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The Economist Continental Europe Edition

The Economist Continental Europe Edition October 8, 2016

The Economist is the premier source for the analysis of world business and current affairs, providing authoritative insight and opinion on international news, world politics, business, finance, science and technology, as well as overviews of cultural trends and regular Special reports on industries and countries.

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The Economist Newspaper Limited - Europe
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8 мин.
the world this week

Politics Theresa May, Britain’ prime minister, outlined a timetable for Brexit negotiations, saying she would trigger Article 50, the formal process for leaving the European Union, by the end of March 2017. The pound fell to a fresh 31-year low against the dollar. But the FTSE 100 share index, which is made up of many export-dependent companies, surged to its highest level in more than a year. At the Conservative Party conference Mrs May promised to fight on a new centre ground in British politics. The UK Independence Party, which pushed for the Brexit referendum, continued down its spiralling path to obscurity. Diane James resigned as leader, 18 days after winning a fractious leadership contest. Nigel Farage, the former leader, is technically back in charge. UKIP’s chairman said the situation was unfortunate,…

5 мин.
the road to brexit

THE destination was decided in June, by simple majority: Britain is leaving the European Union. The journey, however, will be complex and perilous, beset by wrong turnings, chicanes and elephant traps. With 64m Britons in the back seat, perhaps that is why Theresa May has avoided talking about the road ahead. But at the Conservative Party conference this week the new prime minister could delay no longer. In a speech that thrilled party activists, she declared that she will invoke Article 50 of the EU treaty by the end of March, triggering a two-year countdown that should see Britain leave the union in early 2019. She also hinted that she would be prepared to steer Britain towards a harder sort of Brexit, involving a wide separation of labour, product and financial…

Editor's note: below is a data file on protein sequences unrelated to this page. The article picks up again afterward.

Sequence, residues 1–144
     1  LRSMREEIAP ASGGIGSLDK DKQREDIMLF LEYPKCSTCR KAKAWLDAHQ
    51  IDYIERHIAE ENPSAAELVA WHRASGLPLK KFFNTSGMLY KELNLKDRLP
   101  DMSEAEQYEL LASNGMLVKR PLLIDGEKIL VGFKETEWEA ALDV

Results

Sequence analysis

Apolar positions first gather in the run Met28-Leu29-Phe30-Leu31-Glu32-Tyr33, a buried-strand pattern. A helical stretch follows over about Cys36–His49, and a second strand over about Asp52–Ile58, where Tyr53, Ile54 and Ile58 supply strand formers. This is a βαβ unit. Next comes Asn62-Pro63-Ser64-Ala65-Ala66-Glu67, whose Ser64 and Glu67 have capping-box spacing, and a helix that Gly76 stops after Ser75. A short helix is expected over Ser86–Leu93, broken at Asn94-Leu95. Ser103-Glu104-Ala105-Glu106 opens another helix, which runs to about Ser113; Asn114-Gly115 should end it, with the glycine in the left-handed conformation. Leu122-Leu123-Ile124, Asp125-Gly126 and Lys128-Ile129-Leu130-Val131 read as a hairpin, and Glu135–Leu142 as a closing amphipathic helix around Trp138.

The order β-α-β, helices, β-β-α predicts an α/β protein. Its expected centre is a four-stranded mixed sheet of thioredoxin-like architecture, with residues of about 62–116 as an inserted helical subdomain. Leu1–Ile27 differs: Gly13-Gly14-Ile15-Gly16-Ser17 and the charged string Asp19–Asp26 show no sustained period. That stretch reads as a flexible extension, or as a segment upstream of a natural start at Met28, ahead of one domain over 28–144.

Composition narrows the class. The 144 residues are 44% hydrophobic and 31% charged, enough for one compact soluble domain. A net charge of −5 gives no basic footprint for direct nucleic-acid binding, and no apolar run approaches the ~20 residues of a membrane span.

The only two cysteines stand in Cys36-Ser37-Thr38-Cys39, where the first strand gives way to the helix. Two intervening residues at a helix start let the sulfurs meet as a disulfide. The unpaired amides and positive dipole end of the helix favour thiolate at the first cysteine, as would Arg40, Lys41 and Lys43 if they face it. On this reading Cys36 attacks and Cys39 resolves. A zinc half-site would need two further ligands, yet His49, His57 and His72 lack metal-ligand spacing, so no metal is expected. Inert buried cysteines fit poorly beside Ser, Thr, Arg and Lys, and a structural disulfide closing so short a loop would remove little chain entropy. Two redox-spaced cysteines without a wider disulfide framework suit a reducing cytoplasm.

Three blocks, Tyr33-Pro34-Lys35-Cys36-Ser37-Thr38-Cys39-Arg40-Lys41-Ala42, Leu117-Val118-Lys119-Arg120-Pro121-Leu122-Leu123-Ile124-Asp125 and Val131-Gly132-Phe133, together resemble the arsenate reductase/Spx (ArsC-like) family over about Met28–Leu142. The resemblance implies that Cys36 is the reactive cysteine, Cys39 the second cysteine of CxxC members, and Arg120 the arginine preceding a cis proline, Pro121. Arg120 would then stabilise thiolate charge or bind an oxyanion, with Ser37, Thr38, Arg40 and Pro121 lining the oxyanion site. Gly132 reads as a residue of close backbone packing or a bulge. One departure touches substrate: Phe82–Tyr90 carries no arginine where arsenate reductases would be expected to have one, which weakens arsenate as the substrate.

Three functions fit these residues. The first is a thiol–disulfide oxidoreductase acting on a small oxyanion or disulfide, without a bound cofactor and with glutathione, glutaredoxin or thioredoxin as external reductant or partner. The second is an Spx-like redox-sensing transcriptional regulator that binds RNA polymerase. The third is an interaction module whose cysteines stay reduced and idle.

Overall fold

3 мин.
saving colombia’s peace

ASK the people a question, and you may not get the answer you expected. That happened to David Cameron with the Brexit referendum, and now it has happened to Juan Manuel Santos, Colombia’s president. In a plebiscite on October 2nd Colombians made fools of the opinion pollsters and voted to reject his government’s peace agreement with the FARC guerrillas by the narrowest of margins—less than 0.5%. For Mr Santos that was an embarrassment. He had lined up an array of international support for the deal. For Colombia it is dangerous. The agreement came after four years of hard talking, and almost certainly represented the best available compromise between peace and justice. FARC leaders who confessed to war crimes would not go to jail, but they would be judged and punished under…

4 мин.
from aleppo to mosul

SURVEY the rubble of the Fertile Crescent, and a disturbing pattern emerges: from the Mediterranean to the Gulf, those bearing the brunt of war are for the most part Sunni Arabs. Though they form the largest ethnic group and are heirs of fabled empires, many of their great cities are in the hands of others: the Jews in Jerusalem; the Christians and Shias in Beirut; the Alawites in Damascus; and, latterly, the Shias in Baghdad. Sunnis make up most of the region’s refugees. Where Sunnis hold on to power, as in the Gulf states, they feel encircled by a hostile Iran and abandoned by an indifferent America. The malaise goes beyond sectarianism. The Arab state is in crisis almost everywhere, aggravated by decades of misrule, not least by Sunni leaders. Think…

4 мин.
the chronic continent

IT MUST have been an exquisite moment. On September 30th the central bank in Athens issued a statement reassuring investors that the Greek banking system was safe—from a crisis engulfing Germany’s flagship bank. Any Schadenfreude felt in Europe’s periphery at Deutsche Bank’s tumbling shares should be stifled, however. Deutsche is not about to fail: it can survive a harsh funding squeeze, its solvency is not in doubt and if push came to shove, the German government would surely support it. But many of its woes are symptomatic of problems that bedevil the whole continent. Plenty would deny that. Deutsche is more leveraged than its peers; it is unusual in lacking a crown jewel around which it can base a business model; and it has a stack of derivatives whose prices are…

2 мин.
a thoughtful to-do list

ONE of the many unfortunate consequences of America’s presidential election turning into a reality TV show is the near-total absence of serious debate about economic policy. The vitriol on both sides of the partisan divide has made it all but impossible to have a minimal agreement even on the facts. Mendacity and insults have left no room for any substantive discussion about what the next president’s economic priorities ought to be. Whatever you think of Donald Trump, his populist, protectionist prescriptions are woefully short on policy detail; the few areas where concrete plans exist are internally inconsistent (slash taxes, increase spending and eliminate government debt). Hillary Clinton has reams of wonkish proposals, but she has trouble articulating an overall economic agenda and, amid the rhetorical mud-wrestling, her fiddly ideas have…